etween home plate and the building. If the yarn is true, Ryan’s blast traveled at least 430 feet.
Laid end to end, Howard’s homers this season have traveled an estimated 4 1/4 miles, the longest going 491 feet. He had a major-league-leading 56 to go along with a major-league-leading 138 RBIs, including 41 in August, the most by any player in any month since Frank Howard had 41 in July 1962. He also pounded 14 homers and hit .348 last month to single-handedly launch the Phillies into wild-card contention. If Howard reaches 60 homers, he’ll become only the sixth player to accomplish the feat. “To hit 50 is really something,” says Philadelphia closer Tom Gordon. “Sixty is almost beyond comprehension. It’s magnificent.”
To date, the Magnificent Five includes Babe Ruth, who hit 60 in 1927, and Roger Maris, whose 61 came in ’61. The rest of the roster– Mark McGwire (65 and 70), Sammy Sosa (63, 64 and 66) and record-holder Barry Bonds (73)–is sullied by suspected steroid use. Should Howard pass Maris’s 61, a crusade is afoot to anoint him King of the Juiceless Dinger. Asked if he would take pride in such a title, he says, with a hint of diffidence, “I would.”
Then again, Ryan is dispassionately modest about his chances of even attaining 60. “If it happens, it happens,” he says with a small shrug. “If I were to do something like that and then wake up and reflect on the season one day at home in the off-season, I wouldn’t believe it.”
Baseball has seldom seen anything quite like Howard. The hulking 6’4″ 250-pounder looks like he was poured into his uniform and forgot to say when. As if stanchioned to the bag at first, he often seems as animated as the William Penn statue atop Philadelphia’s City Hall. “Ryan does get excited,” insists Philadelphia reliever Geoff Geary. “His excitement is just not extreme.” To prove a point, Geary shows a video he filmed surreptitiously on his cellphone. Facing his locker before a game, wired into an iPod, Howard, arms akimbo and hips swiveling, does a wobbly rumba. “That’s Ryan’s groove dance,” says Geary. “He gets down to get loose.”
Howard is only truly loose in the clubhouse, where he greets teammates with a dozen handshakes. “He’s got big old Mice and Men hands,” says Phillies shortstop Jimmy Rollins. “You know, like the ones Lenny had. There’s a lot of strong in those hands.”
You need strong hands to dispatch fastballs into the troposphere. “Ryan uses an inside-out swing for wallburners to left, but his homers to center and right have a trajectory unlike anything I’ve ever seen,” says pitcher Jamie Moyer, a veteran of 20 seasons. “They start out like routine flies and carry and carry and carry until they land 30 rows back in the bleachers. They’re absolutely majestic.”
At Citizens Bank Park, Howard’s most regal blasts alight in the upper deck in right, a veritable petri dish of costumed Phillies fan clubs, from Flash Gordon’s “Superheroes” to Chase Utley’s ” Utley’s Uglies.” Three clubs vie for Howard supremacy: the leonine-garbed “Ryan’s Lions,” the Homer Simpson–masked “Homer’s Homers” and ” Howard’s Howards,” who sport bowl cuts like Moe Howard of Three Stooges fame. All chant “M-V-P!” when their hero steps to the plate.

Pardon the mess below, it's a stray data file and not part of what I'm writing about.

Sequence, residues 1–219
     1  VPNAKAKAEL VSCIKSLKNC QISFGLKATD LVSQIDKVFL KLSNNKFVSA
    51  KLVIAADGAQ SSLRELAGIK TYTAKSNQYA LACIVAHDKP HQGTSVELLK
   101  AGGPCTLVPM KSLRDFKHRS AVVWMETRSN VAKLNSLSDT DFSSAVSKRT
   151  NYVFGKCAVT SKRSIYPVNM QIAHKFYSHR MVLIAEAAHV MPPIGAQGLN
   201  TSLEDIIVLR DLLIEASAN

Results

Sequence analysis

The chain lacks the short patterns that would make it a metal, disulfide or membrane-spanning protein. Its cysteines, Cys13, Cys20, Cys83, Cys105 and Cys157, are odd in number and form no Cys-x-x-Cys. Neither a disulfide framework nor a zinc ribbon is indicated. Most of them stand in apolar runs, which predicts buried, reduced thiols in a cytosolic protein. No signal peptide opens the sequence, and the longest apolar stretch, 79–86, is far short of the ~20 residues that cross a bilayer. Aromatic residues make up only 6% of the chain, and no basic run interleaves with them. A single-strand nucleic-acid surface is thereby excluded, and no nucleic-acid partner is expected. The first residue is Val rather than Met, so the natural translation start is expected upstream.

“Phillies fans go crazy for the shut-up-and-play type,” says Jerry Getz, a Philly sports-radio gadfly known as Jerry on the Mobile. “Howard seems like a quiet, clean-cut John Kruk, an accessible, almost jolly guy who plays the game like he loves it. He’s the anti-T.O.”
In the Phillies’ dugout Howard is called everything from Rhinoceros to Man-Mountain to One-Man Gang. The consensus favorite, however, is John Coffey, after the gentle gargantuan in The Green Mile. “John Coffey was a big guy and a good, kind person,” says Howard. “I act like that sometimes, too, just to throw people off.”
By most accounts it’s no act. “Ryan has always been even tempered,” says Corey, his fraternal twin. “The only thing that sets him off is hearing people say he can’t do things. They’ve said he can’t hit lefties, he can’t hit off-speed pitches, he can’t hit for a high average. Whatever they’ve said Ryan can’t do, he’s gone out and done.”
Their father, Ron, a project manager for IBM in St. Louis, forbade the word can’t in his home. So Ryan set out to show his old man he could. At Lafayette High he played defensive end, power forward, first base and trombone in the marching band. He played each of them ably but baseball best. Two years ago Howard, who was drafted by the Phils in the fifth round of the 2001 draft out of Southwest Missouri State, hit 46 homers for two farm teams. All that stood in his way in Philadelphia was power-hitting first baseman Jim Thome and his six-year, $85 million contract. “I’d heard Ryan hit bombs,” Rollins says. “But I figured there were 85 million reasons I wouldn’t see him anytime soon.”
The following spring Howard auditioned in left, flunked and was sent back to Triple A. “The Phillies traditionally give you one shot,” Rollins says. “If you’re demoted after that, you might as well cancel Christmas.”
For Howard, Christmas came in July. When Thome’s season was cut short by injuries, Howard–the International League leader in hitting (.371), on-base percentage (.467) and slugging (.690) at the time–got another chance. He made the most of it, mashing 22 homers (10 in the final month) to help propel the Phils to within a game of the playoffs.
Last November the Phils settled their first base question by trading Thome to the White Sox. Questions about Howard, however, remained to be settled. Though he was Rookie of the Year in 2005, for example, he batted only .148 against southpaws. At week’s end he was up to .283 and had hit 15 of his homers off lefties. “Two years ago he had raw power, but he tried to cover the entire strike zone,” says Astros third base coach Doug Mansolino. “The difference now is patience and selectivity: He only swings at pitches in his strike zone.” (His strikeout-to-walk ratio has improved from 3 to 1 last season to under 2 to 1 this year.)
Pity the pitcher who trespasses in Howard’s zone. Last week Houston’s Russ Springer tried to bust him with a cutter up and in. Howard swatted the righthander’s pitch off the face of the second deck. “Lefthanded batters are supposed to foul that off or hit it on the ground,” says Astros infielder Aubrey Huff. “I don’t think there’s another big leaguer who could have hit it out.”
The crack of Howard’s 34 1/2-ounce bat was easy on Rollins’s ear. “When he connected, it was loud, like somebody had turned up the volume,” says Rollins. “It was a beautiful sound, and I knew the ball would be leaving the yard.” -Franz Lidz, Sports Illustrated, 2006
Elite Eight Results:
(1) Julius Erving (53.6%) over (2) Chase Utley (46.4%)
(2) Allen Iverson (68.1%) over (5) Brian Westbrook (31.9%)
(1) Mike Schmidt (51.6%) over (3) Brian Dawkins (48.4%)
(4) Ryan Howard (72.9%) over (3) Donovan McNabb (27.1%)